The PEOPLE, Plaintiff and Respondent, v. Jerry MOSELEY, Defendant and Appellant.
Defendant Moseley was charged, jointly with William Joseph King, Norman Lee Malone, Tommy Willis Lee, and Robert Smith, with sundry offenses involving Diane Lawson, a sixteen year old girl. In Count I, Moseley, King and Malone were charged with pimping, in violation of section 266h of the Penal Code; in Count II all five defendants were charged with pandering, in violation of section 266i of the Penal Code; Count III charged King with statutory rape, in violation of subdivision 1 of section 261 of the Penal Code; Count IV made a similar charge of statutory rape as to Malone; Count V charged statutory rape as to Moseley. After a jury trial, Moseley was found guilty on Counts I, II and V; King was found guilty on Counts I, II and III; Malone was found not guilty on Count I, but guilty on Counts II and IV; Smith was found not guilty. The jury recommended a county jail sentence on the statutory rape counts. King and Moseley were sentenced to state prison on the pimping and pandering counts and to the county jail on the statutory rape counts, the sentences to run concurrently.1 King and Moseley appealed. King's appeal was dismissed by this court, under California Rules of Court, Rule 17(a), for failure to file a brief. We are now concerned only with Moseley's appeal.
SUMMARY OF FACTS
The case for the prosecution rested on the testimony of the prosecutrix, Diane C. Lawson. Miss Lawson testified that she was, at all material times, sixteen years of age; that she left home voluntarily (although she at one time complained to the police that King had stolen her from her home); and that her mother filed a missing person's report on her after she left.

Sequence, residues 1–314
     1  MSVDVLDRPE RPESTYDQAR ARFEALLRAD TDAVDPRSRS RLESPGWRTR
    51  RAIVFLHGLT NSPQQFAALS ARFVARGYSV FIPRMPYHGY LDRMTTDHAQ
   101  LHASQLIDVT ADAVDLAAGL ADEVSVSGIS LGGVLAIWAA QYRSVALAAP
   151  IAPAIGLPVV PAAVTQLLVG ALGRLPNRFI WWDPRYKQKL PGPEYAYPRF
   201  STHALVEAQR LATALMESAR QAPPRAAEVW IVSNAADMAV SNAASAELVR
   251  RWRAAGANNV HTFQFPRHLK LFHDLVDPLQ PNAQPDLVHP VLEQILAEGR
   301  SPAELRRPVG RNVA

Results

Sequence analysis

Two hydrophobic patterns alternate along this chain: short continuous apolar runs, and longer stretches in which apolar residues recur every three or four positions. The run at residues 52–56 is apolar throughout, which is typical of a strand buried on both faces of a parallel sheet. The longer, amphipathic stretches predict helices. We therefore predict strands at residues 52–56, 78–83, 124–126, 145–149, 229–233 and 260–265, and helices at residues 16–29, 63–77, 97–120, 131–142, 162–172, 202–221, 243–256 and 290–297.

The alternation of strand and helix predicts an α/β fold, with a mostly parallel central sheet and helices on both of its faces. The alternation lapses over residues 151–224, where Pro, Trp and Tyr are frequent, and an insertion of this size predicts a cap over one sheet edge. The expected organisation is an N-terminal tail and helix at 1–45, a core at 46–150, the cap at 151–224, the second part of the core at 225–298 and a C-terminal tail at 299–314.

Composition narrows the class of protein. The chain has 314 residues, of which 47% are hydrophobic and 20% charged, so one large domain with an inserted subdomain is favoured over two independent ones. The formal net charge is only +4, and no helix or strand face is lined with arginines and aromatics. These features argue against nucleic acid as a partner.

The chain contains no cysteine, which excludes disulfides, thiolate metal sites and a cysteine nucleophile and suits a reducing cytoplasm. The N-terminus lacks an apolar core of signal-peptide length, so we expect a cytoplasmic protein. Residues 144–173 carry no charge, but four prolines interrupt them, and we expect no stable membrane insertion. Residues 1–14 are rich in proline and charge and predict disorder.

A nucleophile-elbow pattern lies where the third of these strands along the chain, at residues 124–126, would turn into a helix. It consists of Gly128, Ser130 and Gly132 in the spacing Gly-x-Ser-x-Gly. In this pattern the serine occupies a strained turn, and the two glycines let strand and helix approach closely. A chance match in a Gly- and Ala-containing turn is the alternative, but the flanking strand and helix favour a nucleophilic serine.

Two weeks after leaving home, Diane and her roommate, Tamara Duvall, came out of a nightclub, or bar, on Western Avenue. They saw Moseley and Ross, whom Tamara knew; the two girls and the two men then went to an apartment building where they met King. A conversation ensued between King and Diane in the presence of Moseley, where King said, ‘You must be the sixteen year old * * * that had left home and her mother.’ Diane just sat there and smiled. King said to Diane that he was a pimp and would be happy if she started working for him, being a prostitute or soliciting. Diane testified that she had never before been a prostitute.
Moseley and Smith drove Diane to pick up her suitcases and then brought her to an apartment on Stocker Street. Diane began soliciting the next day; she brought men to a place on Crenshaw where she had sexual intercourse with them for money. Her association with King ended sometime later because she didn't have enough clients.